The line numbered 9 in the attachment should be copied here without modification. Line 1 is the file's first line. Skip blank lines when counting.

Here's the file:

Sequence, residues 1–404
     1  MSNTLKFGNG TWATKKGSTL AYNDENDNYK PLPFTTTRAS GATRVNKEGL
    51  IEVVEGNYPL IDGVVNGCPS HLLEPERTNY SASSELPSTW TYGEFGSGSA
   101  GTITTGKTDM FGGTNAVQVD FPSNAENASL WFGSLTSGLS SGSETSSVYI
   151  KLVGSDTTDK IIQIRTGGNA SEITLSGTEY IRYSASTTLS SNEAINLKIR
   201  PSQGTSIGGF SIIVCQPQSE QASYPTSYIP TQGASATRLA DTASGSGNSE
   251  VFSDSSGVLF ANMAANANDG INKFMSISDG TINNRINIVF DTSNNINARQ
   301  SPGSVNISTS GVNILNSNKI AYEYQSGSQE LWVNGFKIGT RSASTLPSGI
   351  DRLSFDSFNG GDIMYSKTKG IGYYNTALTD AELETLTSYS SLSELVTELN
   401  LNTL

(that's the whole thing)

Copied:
   351  DRLSFDSFNG GDIMYSKTKG IGYYNTALTD AELETLTSYS SLSELVTELN